What happens when religion becomes devoid of spirit and awe?

Perhaps something like fundamentalism has infected faith ever since humans first felt the religious impulse. By fundamentalism, I mean a false certitude about eternal things and no space where humility might dwell.

I'm tempted to call people with this disease "religious but not spiritual." If religion has lost its capacity for wonder and for awe and is instead stuck with nothing but indisputable creedal formulations, it has become a serious detriment to civilization.

I've had two close associations with such religious but not spiritual people. The first were the Branch Davidians, whose home, Mount Carmel, near Waco, Texas, burned to the ground in 1993 after a long standoff with federal authorities. The result was the unnecessary loss of many lives -- four of them authorities and more than 80 of them Branch Davidians, including their leader, David Koresh.

I went to Waco the next year to analyze what went wrong. The result was a series of commentaries I wrote for The Kansas City Star. Among my conclusions: "There's an important lesson to be learned here on this Texas pasture land and killing field -- a lesson our government violently failed to grasp: In the United States we protect people with strange religious beliefs, we don't assault them. ... At Waco, our government ignored both its constitutional and its spiritual roots. It unleashed on a deeply religious -- if strange and misguided -- people the repressive, coercive, violent power of the state. Then its representatives lied about what happened. Then they tried to hide what happened by issuing reports that reeked of deceit."

One of the saddest government failures in the Branch Davidian affair was that right in Waco, at Baylor University, were religious experts who had studied the Davidians over the decades the group had lived in that area and who could have warned authorities not to take the actions they took. But federal officials didn't bother to talk with those experts. Instead, they blundered their way to a deadly disaster.

Many times in the record of the negotiations between federal officials and Davidians, especially Koresh, you can sense a deeply contemptuous attitude toward people whom officials considered religious but not spiritual. Worse, they thought of them as religious nuts, wacked-out cult members who couldn't find a way to fit into American culture. And yet, that was no reason for their lives to end. There were, after all, proper ways to effect the arrest of Koresh and any other Davidians suspected of arms violations and even of child abuse. The courts could have sorted out what was true and what wasn't. That -- and not thunderous attack -- is the American system.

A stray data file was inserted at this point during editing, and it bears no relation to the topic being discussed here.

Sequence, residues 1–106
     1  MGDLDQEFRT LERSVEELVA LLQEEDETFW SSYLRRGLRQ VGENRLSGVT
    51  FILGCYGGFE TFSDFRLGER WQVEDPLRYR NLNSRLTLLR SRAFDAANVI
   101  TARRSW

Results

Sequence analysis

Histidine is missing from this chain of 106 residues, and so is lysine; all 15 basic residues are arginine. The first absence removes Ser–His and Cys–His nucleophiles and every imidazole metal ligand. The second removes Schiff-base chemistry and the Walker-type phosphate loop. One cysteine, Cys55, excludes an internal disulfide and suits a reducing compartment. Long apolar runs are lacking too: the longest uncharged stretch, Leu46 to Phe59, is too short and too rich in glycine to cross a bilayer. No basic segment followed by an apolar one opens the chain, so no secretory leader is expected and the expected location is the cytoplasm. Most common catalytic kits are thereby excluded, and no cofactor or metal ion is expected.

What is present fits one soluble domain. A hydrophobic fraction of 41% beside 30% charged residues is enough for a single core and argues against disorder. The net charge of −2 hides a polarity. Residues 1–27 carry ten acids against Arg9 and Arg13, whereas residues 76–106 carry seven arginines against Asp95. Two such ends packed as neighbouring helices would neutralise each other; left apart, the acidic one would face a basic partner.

The other religious but not spiritual people who smashed into my life were the 9/11 terrorists who hid behind Islam that malevolent day to justify murdering some 3,000 people, including the only son of one of my sisters. He was a passenger on the first plane to crash into the World Trade Center.

The terrorists who, at the urging of the late Osama bin Laden, pulled off this spectacular evil had abandoned anything like spirituality in favor of a vision of religion that required assent to cockamamie ideas unworthy of any major religion. The misuse of Islam continues to be monumental and outrageous among these theological thugs. It's what can happen when religion becomes devoid of the spirit, of awe, wonder, humility, healthy faith. We've seen it so often by now that we grow numb with the listings.

I wish I knew what would prevent people from moving into a condition in which they lose their spiritual bearings and become, instead, religious automatons, willing to blow up airplanes, murder cartoonists, die themselves in misguided attempts at martyrdom. All I know to do is to try to help people understand what healthy faith looks like, feels like, is -- though I know that effort will not be enough.

[Bill Tammeus, a Presbyterian elder and award-winning former faith columnist for The Kansas City Star, writes the daily "Faith Matters" blog for the Star's website and a monthly column for The Presbyterian Outlook. His latest book is Woodstock: A Story of Middle Americans. Email him atwtammeus@gmail.com.]

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